I was then started on another kidney med called Prograf. It is very similar to Cyclosporine, but most people who have bad reactions to Cyclosporine are able to tolerate Prograf. All was good with Prograf until the dose was raised, and then the same side effects slowly crept back! So I went off the Prograf after only 3 weeks. The next medicine of choice was even stronger, and the nephrologist wanted to be 100% sure that the diagnosis of Minimal Change Disease was accurate from the first biopsy. The medications used so far would have been the same, but if it was not Minimal Change, the next treatment would be different. This biopsy was done in December 2012. I needed to stay in the hospital overnight after the procedure. It confirmed that it was NOT Minimal Change, but rather FSGS. This is more difficult to treat and is never cured, but can be considered in remission.
A few days later, I then developed a hematoma at the biopsy site, which is very rare. It became infected and I landed back in the hospital for over a week. Since all the medications I had been on for the kidneys were immunosuppressants, I developed pneumonia while in the hospital because my immune system was shot! The good news was that I was taken off the prednisone, which meant no more insulin.
A week prior to being in the hospital in December 2012, I received a letter from the Board of Education that I needed to return to my teaching position on January 2, 2013, resign or be charged with job abandonment, which could result in loss of my teaching license. By law, even as a tenured teacher, you can be out on medical disability and your job only has to be held three months. So thanks to my husband, my cousin, and her husband, my 16 years of passion, commitment, and A LOT of personally spent money, was boxed up and put in storage. I wrote my resignation with both dignity and tear-filled eyes. I had to accept that my health was my priority.
Around mid-January, the nephrologist was ready to move to the treatment. This medicine was Mycophenalate. Unfortunately, it was a repeat of the side effects from the previous two treatments. I was only on it for three weeks. At this point, concern about my kidney function was the top priority. All along it was okay. It had declined in December, but that was thought to be due to the infection. The next and final treatment was Rituxan, a form of chemotherapy. I had one infusion that lasted four hours. I had blood and urine tests the following week, and there was no change. I had the second and last infusion (it’s only a two-time treatment), waited two weeks, and there was no change. My nephrologist still had hope it could work because 45% of patients take up to three months to respond. Well, it had been about two months, and my kidney function had continued to decline, so I was told in August 2013 I was considered to be in complete renal failure and needed to start dialysis and wait for a transplant. This was never in the cards. Total shock!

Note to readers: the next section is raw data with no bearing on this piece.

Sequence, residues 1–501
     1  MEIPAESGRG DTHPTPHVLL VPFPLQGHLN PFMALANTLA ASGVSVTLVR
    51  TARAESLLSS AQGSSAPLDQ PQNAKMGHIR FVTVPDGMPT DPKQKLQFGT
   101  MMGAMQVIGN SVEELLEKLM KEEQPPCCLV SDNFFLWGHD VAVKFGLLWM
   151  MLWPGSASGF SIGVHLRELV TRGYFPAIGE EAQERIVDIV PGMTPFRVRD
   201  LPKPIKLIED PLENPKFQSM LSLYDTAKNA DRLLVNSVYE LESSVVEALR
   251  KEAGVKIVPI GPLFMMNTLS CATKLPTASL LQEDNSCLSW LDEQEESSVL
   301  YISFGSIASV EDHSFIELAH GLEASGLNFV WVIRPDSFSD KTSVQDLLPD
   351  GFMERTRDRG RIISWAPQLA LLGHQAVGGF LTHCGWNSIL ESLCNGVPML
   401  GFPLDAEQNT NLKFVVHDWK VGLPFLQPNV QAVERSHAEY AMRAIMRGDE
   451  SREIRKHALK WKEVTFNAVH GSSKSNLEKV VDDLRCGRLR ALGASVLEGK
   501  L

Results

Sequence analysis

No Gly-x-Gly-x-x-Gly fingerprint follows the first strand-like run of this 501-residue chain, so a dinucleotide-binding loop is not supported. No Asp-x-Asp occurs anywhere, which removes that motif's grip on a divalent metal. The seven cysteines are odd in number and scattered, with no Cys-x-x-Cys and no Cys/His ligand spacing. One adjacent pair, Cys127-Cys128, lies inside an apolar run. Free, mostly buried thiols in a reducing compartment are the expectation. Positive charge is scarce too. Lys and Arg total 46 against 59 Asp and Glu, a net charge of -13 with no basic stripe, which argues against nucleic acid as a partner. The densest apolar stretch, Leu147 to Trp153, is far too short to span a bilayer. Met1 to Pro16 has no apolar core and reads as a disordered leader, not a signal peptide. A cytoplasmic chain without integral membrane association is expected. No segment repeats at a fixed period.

On August 7, I went to Saint Barnabas Medical Center for a kidney transplant evaluation. It was a five-and-a-half-hour day that started in a group with eight other patients. I was the only patient there with living donors. Everyone else was being put on a deceased donor list, and the current wait is five to seven years. I should have had my new kidney in a few months if all went as planned. Thank God for my potential donors! Amazingly selfless people! Each one of them is a hero to me. I will forever be eternally grateful to these people who were willing to sacrifice their wellbeing and turn their lives upside down for my life. The potential donors were James Hill (father), Bernadette Hill (mother), Karen Howell, and Aimee Kemp (friends).
It was Labor Day, everyone was having parties, and I was at my first session of dialysis. I have a high tolerance for pain, but emotionally it was really rough. Everyone there is so sick. Many can’t even walk. They come in with wheelchairs, walkers, or on a stretcher. Up until then, I just tunneled through, but reality had hit hard. I couldn’t believe I was there and waiting for a transplant. From September to December, I just kept telling myself this is temporary, and soon I will have a new kidney and a new life. All testing was complete and the surgery was set for January 2, 2014. Then three weeks before surgery, the donor, Karen Herbert, was told she had an elevated protein level in her urine and was strongly advise not to donate. I can’t put the devastation into words.